Candle, Candle Burning Bright

From Shabbat to Advent


A match is struck.

The woman’s hand pauses as the match flares with an arc of golden light, and then touches the flame to the wick of each candle. Extending her hands over the candles, she draws their light towards herself and her family in a circular manner three times.

“Blessed are you, Lord our God, King of the universe, who has sanctified us with your commandments, and instructed us to kindle the light of the Holy Shabbat.”

Every Friday night, this simple practice in Jewish homes has been passed down through the ages and is still observed today. With the lighting of the candles, Sabbath peace and blessing is ushered into their homes and the world. The candles represent the light introduced through studying and observing the words of the Scripture.

Each time, a pattern is followed—

Pause . . . 

            breathe . . . 

                          light a candle . . . 

                                       pray . . .

There is no Sabbath pause today. Sunday is as busy as the next day . . . and the next, and the next after that. Where is the practice of pausing, breathing and remembering in our devotion?

The lighting of Advent candles comes close. Somehow reflecting on the simplicity of the candle-lighting ritual brings a sense of peace and calm to our overwrought souls. In our activity-defined lives, we seldom embrace such acts. Instead, our chaotic world demands we run at a constantly increasing pace, with no relief in sight.

When my children were little, I made an Advent wreath for our home. With four candles for each Sunday before Christmas, I taught them words they didn’t completely understand as they took turns lighting the appropriate candle; on the first three Sundays in December we whispered, “In anticipation of Christ’s coming,” and on the final Sunday we announced, “The preeminence of Christ’s coming.” We paused in the midst of the hurried holiday season to light a candle and to eat dinner by its light. I placed a handcrafted manger in the center of the wreath as we waited for the mystery of Christmas to arrive. On Christmas morning, baby Jesus appeared in the manger. It was the first thing they ran to see, even before presents under the tree.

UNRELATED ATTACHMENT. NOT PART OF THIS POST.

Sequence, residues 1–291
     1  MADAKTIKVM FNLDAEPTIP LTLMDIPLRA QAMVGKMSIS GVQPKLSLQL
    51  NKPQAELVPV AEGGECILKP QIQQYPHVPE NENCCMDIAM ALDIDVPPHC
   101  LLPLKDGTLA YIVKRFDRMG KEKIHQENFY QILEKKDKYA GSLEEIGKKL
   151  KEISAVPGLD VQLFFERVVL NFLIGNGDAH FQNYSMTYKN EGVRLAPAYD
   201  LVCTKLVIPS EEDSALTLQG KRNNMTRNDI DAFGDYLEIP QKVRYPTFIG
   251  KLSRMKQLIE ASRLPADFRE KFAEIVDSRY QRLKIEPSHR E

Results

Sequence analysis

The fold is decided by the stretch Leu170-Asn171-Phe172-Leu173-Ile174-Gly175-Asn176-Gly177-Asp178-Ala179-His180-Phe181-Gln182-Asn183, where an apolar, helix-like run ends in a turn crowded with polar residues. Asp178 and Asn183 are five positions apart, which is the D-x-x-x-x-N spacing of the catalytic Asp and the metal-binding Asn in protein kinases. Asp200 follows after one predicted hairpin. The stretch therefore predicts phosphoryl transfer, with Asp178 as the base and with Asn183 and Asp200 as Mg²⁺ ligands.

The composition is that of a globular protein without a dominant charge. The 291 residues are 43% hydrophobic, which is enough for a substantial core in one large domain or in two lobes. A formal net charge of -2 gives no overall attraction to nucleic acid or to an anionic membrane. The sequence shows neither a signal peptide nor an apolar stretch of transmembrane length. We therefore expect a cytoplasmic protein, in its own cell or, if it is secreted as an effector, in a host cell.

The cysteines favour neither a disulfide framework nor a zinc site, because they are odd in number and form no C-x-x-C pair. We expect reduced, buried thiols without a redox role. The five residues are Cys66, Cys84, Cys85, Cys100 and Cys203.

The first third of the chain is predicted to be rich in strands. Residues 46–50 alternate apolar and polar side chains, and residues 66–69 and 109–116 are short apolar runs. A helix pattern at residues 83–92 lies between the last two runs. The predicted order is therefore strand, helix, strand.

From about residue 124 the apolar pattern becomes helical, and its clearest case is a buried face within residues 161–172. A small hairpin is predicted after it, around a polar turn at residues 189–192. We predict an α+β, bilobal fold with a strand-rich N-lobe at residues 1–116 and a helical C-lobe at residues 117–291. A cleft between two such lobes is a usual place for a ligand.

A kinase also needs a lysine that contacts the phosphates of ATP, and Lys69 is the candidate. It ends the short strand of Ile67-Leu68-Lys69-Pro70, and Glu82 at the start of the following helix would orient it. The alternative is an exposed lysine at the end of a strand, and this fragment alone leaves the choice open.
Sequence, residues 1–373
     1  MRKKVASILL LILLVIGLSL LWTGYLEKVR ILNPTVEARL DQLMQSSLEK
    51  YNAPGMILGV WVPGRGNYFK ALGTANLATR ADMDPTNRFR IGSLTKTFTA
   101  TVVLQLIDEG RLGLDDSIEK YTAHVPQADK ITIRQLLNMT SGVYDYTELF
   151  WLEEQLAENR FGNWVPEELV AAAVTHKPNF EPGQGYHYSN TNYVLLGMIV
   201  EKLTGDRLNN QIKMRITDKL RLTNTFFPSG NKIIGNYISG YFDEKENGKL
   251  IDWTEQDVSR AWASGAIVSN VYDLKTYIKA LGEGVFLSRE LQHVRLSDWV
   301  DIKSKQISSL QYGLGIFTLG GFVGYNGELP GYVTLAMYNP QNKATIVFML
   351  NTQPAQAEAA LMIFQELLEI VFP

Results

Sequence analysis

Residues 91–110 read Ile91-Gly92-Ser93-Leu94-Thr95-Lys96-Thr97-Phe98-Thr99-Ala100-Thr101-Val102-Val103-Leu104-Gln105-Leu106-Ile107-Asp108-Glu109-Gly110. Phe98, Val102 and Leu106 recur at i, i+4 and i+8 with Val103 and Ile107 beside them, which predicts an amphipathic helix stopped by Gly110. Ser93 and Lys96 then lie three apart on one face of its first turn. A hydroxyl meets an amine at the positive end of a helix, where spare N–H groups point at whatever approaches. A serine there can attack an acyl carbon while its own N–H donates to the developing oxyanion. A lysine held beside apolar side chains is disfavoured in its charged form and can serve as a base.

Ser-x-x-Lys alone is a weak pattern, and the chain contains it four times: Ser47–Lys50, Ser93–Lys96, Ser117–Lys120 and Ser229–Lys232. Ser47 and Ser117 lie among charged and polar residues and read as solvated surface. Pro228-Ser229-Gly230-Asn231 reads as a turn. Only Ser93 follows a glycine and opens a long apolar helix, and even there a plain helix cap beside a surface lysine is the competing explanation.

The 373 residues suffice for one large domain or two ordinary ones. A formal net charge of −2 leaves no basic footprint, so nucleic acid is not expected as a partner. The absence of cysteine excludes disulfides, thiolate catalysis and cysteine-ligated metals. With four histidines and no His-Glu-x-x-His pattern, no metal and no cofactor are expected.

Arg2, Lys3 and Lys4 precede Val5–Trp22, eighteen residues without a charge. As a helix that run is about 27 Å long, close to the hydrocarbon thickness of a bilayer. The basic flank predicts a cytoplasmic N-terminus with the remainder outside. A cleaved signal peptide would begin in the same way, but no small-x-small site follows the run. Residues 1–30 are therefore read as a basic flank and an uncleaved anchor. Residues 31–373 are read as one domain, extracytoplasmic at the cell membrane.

During the church service each Sunday in December, we remember Christ’s words and respond by singing the chorus of the Advent hymn:

Candle, candle, burning bright,

Shining in the cold winter nigh

Candle, candle, burning bright,

Fill our hearts with Christ’s own light.

In repeating the words of the hymn, we choose to believe that, with the lighting of each candle, the blessing of God Almighty and his peace is ushered into our hearts, homes and the world. 

So, we pause . . . 

          breathe . . .

                    light a candle . . . 

                              and pray.

Come, Lord Jesus, come.

Shine in our hearts and light our way.